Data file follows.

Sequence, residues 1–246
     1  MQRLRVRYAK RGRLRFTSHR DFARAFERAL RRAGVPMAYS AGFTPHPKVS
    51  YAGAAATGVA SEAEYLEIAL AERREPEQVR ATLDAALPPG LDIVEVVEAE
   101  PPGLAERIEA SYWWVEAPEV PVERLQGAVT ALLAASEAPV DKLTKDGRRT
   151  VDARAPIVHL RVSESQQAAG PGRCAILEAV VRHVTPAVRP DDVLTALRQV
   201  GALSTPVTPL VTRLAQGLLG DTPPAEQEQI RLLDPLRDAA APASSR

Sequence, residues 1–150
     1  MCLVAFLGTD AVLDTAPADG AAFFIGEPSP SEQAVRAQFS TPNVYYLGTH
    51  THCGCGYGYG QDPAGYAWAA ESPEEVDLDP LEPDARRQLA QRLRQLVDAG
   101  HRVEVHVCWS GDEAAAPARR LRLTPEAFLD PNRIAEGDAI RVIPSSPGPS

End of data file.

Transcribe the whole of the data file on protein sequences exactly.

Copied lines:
Sequence, residues 1–246
     1  MQRLRVRYAK RGRLRFTSHR DFARAFERAL RRAGVPMAYS AGFTPHPKVS
    51  YAGAAATGVA SEAEYLEIAL AERREPEQVR ATLDAALPPG LDIVEVVEAE
   101  PPGLAERIEA SYWWVEAPEV PVERLQGAVT ALLAASEAPV DKLTKDGRRT
   151  VDARAPIVHL RVSESQQAAG PGRCAILEAV VRHVTPAVRP DDVLTALRQV
   201  GALSTPVTPL VTRLAQGLLG DTPPAEQEQI RLLDPLRDAA APASSR

Sequence, residues 1–150
     1  MCLVAFLGTD AVLDTAPADG AAFFIGEPSP SEQAVRAQFS TPNVYYLGTH
    51  THCGCGYGYG QDPAGYAWAA ESPEEVDLDP LEPDARRQLA QRLRQLVDAG
   101  HRVEVHVCWS GDEAAAPARR LRLTPEAFLD PNRIAEGDAI RVIPSSPGPS